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  • Washington Highlights

    Senate HELP Committee Continues Higher Education Act Reauthorization Hearings

    Matthew Shick, Sr. Director, Gov't Relations & Regulatory Affairs

    The Senate Committee on Health, Education, Labor, and Pensions (HELP) Jan. 30 held a hearing titled, “Reauthorizing the Higher Education Act: Accountability and Risk to Taxpayers.” The hearing was the fourth in a series of hearings [see Washington Highlights, Jan. 19] to gather feedback for potential action to reauthorize the Higher Education Act (HEA).

    In his opening statement, referring to loan forgiveness tied to income-based repayment, HELP Committee Chair Lamar Alexander (R-Tenn.) stated, “What was designed as a temporary safety net has become the standard where students expect their debt to be forgiven after a certain amount of time. This may be good for the student, but is not so good for the taxpayer.”

    Chairman Alexander also called for more data transparency, financial aid counseling, and oversight of program default rates, specifically naming the Student Protection and Success Act (S.1939), which “proposes fixing the cohort default rate system to instead look at the percentage of students who fail to pay down at least $1 of their principal loan balance within three years.”

    In his testimony, Jason Delisle, resident fellow at the American Enterprise Institute, noted, “There are no income limits, no means testing for the loans, and for graduate students, there's not even a cap on the amount they can borrow. They can borrow up to the full cost of attendance, effectively no questions asked,” presumably referring to GradPLUS loans.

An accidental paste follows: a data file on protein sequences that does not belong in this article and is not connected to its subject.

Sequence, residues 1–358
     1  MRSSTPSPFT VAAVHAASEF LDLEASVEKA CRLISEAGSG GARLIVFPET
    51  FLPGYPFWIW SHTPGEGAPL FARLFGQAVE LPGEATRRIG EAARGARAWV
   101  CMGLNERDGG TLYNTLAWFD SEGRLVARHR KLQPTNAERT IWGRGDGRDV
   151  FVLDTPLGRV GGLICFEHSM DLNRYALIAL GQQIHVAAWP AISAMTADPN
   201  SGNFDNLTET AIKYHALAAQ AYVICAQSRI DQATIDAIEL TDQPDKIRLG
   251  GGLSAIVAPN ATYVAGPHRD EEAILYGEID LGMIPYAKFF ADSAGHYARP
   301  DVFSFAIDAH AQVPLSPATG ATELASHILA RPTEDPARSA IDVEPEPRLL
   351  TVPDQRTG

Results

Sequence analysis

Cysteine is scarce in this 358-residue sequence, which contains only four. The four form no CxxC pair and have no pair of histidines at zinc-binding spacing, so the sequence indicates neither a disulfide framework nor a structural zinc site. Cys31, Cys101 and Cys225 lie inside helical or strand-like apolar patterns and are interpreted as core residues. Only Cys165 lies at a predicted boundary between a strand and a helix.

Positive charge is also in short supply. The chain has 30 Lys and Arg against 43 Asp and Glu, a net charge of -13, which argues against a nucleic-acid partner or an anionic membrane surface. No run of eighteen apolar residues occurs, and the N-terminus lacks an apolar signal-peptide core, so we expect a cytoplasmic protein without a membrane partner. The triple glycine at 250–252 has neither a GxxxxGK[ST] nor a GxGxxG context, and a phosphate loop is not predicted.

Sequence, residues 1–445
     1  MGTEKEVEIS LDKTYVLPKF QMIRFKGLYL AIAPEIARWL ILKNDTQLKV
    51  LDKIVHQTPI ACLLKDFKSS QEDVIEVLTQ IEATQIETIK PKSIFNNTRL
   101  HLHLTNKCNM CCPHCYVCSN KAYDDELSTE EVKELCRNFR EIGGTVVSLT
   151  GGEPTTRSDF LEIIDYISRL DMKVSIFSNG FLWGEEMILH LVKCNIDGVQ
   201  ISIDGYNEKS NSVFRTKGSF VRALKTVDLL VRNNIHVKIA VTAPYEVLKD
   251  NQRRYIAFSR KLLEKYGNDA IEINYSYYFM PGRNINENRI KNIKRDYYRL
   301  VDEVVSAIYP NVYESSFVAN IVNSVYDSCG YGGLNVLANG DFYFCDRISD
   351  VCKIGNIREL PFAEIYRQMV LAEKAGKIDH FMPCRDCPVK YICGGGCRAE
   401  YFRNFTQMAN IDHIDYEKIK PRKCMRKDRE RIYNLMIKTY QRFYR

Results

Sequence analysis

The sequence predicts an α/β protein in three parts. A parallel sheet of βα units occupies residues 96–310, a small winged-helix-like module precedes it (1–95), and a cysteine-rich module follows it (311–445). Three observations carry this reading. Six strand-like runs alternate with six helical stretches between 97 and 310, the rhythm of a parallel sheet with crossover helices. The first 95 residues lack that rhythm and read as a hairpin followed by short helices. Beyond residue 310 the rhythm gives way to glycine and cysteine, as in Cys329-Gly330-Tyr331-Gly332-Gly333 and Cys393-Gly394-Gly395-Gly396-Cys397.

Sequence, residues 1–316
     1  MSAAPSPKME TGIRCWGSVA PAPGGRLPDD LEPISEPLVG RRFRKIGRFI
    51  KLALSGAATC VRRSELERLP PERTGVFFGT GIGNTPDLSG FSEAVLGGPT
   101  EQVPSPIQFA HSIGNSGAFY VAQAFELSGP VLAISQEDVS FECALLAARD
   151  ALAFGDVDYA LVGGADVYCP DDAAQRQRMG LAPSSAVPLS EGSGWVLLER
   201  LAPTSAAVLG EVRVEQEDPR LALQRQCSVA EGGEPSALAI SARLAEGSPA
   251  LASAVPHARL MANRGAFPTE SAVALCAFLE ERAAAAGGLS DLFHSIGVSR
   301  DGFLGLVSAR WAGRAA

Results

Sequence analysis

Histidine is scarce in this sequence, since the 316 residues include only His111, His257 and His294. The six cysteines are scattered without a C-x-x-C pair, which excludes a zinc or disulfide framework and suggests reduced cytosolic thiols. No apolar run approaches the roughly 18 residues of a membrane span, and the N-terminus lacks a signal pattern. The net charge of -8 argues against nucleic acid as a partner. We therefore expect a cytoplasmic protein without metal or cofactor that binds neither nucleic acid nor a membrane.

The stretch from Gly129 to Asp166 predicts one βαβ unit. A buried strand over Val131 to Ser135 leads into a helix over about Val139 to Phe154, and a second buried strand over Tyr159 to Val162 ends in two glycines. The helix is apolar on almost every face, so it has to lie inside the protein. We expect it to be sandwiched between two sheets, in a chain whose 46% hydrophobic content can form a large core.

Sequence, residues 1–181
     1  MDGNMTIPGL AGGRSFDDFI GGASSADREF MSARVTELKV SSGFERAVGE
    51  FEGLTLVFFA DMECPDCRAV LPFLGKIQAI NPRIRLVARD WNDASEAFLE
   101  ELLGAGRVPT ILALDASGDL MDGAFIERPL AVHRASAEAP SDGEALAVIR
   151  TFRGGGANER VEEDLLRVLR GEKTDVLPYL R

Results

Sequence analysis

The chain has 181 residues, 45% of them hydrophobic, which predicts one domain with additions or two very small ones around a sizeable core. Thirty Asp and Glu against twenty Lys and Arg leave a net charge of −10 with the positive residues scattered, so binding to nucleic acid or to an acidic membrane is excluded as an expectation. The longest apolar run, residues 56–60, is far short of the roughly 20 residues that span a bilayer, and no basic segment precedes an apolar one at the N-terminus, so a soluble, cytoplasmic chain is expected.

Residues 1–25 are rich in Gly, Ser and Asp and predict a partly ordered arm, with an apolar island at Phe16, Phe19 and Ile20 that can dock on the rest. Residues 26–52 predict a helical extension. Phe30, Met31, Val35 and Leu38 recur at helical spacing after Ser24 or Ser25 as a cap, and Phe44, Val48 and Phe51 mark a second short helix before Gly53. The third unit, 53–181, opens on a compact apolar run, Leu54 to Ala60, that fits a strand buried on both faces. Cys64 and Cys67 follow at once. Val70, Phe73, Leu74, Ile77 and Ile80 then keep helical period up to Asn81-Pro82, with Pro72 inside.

Jose Luis Cruz, PhD, president of the Herbert H. Lehman College of the City University of New York, urged, “As the committee moves to reauthorize the Higher Education Act, I hope you proceed in a thoughtful, purposeful, and bipartisan way that recognizes the fundamental American values that are at stake and that acknowledges that the resulting legislation will impact the America of tomorrow in ways as significant as the overhaul of the tax code, the re-conceptualization of our healthcare system, and the redesign of our immigration laws.”

    Additional witnesses included Anthony Carnevale, PhD, research professor and director of Georgetown University Center on Education and the Workforce; Ben Miller, senior director for postsecondary education at the Center for American Progress, and Mamie Voight, the vice president of policy research for the Institute for Higher Education Policy.

    The Senate HELP committee plans to hold another hearing on HEA reauthorization on Feb. 6 titled, “Reauthorizing the Higher Education Act: Improving College Affordability.”

    The House Education and Workforce Committee passed its version of Higher Education Act reauthorization in December, shortly after a Dec. 11 AAMC comment letter raising concerns about the proposed elimination of GradPLUS and Public Service Loan Forgiveness [see Washington Highlights, Dec. 15, 2017].